And there was an American Consulate, also in Nha Trang, and they suggested I go to the American Consulate and have a few words with them. And when I was there [at the American Consulate] I met a General Pham, and he looked like a very worried South Vietnamese General. It was either ‘Pham’ or ‘Phu’. And he asked me if I knew what the situation was like here – this was in March, towards the end of March in 1975. I said I didn’t know, but he said he could tell me. He said Buon Ma Thuot has been surrounded for many months and is about to fall to the North Vietnamese [soldiers]. And the road from Buon Ma Thuot to Nha Trang has been cut, so it’s out. And he said that ‘my advice to you is to leave as soon as you can’. So that was difficult, but I managed to get a flight out of there from Nha Trang, which was the head of the Green Beret, the Americans when they were there. I got a flight on Bird Air, which was a pretty old CIA plane that was overloaded [with passengers] because they were taking all their friends and contacts out with them. So I got on and sat more or less with the pilot, because there wasn’t anywhere else to sit. And we flew to Tan Son Nhut in Saigon. And I knew then that I would have to leave as soon as possible. I was lucky; I managed to get a flight on Air Vietnam to Hong Kong.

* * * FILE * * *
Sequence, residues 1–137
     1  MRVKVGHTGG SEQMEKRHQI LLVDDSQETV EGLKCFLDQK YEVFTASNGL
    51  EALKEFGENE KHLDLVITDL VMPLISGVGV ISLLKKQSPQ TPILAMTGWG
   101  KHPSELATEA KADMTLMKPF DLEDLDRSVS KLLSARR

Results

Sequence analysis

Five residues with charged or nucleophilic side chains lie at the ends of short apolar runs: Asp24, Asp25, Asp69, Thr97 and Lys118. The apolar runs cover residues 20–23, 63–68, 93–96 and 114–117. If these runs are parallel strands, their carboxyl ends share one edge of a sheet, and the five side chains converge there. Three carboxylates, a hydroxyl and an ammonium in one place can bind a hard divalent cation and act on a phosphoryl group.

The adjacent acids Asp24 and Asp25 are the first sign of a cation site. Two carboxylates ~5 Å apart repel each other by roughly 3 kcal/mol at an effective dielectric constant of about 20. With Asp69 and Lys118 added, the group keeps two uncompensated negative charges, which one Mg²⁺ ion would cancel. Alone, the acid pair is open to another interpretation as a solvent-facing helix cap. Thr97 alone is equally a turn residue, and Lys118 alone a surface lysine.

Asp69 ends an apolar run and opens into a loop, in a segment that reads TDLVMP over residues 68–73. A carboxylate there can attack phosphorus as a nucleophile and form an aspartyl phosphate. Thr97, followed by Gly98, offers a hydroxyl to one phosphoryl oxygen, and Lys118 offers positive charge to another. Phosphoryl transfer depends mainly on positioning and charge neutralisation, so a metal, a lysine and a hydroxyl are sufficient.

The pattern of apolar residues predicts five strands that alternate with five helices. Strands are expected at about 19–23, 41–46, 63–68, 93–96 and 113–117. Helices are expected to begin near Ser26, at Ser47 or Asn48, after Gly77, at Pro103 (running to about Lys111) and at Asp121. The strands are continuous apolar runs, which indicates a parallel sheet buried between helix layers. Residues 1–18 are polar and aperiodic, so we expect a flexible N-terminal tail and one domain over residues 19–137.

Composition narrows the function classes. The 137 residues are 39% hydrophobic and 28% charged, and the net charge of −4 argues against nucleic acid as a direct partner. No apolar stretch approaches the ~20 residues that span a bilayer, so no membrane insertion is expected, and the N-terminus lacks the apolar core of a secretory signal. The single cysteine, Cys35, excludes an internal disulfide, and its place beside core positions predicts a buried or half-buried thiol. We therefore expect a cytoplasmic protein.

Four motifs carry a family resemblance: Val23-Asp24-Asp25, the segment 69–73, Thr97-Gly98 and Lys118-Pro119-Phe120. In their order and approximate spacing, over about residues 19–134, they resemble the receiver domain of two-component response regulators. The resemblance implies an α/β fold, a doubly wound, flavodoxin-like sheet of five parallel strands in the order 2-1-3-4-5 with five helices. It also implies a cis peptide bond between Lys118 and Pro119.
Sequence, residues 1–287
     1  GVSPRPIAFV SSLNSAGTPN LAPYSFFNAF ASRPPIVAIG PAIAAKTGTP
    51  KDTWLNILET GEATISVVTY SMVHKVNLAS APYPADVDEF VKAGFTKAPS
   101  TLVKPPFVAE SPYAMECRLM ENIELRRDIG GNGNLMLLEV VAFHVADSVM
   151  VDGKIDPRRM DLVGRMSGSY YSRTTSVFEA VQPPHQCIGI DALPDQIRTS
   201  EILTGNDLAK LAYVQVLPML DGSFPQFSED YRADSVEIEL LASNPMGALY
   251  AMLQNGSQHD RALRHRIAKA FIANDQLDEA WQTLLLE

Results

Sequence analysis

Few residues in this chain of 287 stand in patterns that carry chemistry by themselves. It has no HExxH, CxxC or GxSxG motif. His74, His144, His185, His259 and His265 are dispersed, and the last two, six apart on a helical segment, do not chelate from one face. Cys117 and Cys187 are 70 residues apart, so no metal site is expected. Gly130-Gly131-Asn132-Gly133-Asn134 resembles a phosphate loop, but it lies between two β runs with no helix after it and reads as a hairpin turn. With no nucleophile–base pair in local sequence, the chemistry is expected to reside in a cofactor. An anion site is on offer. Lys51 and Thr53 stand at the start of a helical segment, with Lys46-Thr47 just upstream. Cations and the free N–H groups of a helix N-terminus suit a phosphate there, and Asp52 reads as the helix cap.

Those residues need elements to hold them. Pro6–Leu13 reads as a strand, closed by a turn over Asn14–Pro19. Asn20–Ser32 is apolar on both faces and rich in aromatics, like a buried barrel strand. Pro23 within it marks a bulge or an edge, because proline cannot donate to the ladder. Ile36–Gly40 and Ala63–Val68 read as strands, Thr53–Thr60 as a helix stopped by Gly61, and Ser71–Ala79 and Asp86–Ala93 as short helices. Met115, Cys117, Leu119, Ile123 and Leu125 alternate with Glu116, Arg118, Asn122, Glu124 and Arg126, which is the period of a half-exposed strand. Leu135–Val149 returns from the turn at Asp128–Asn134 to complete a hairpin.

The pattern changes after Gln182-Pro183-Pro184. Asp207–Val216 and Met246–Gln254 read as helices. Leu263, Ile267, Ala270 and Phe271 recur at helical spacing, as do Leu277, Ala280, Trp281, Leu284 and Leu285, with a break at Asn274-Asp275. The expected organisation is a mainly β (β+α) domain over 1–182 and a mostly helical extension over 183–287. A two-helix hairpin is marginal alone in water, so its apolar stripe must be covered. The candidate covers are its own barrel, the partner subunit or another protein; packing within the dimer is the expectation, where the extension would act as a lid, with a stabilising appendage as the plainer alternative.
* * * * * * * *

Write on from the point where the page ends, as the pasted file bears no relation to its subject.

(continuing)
I: What month was this?
JF: Almost April. And the General had warned me that Nha Trang would fall in about two or three days’ time, so that is why I had to get out.
I: Do you remember the dates?
JF: The dates are all printed in this book here. This is a very good book in fact, how Vietnam was liberated – I have given you a copy of the front.
I: So, to go back to your involvement with the Vietnamese boat people in Hong Kong, when did that start?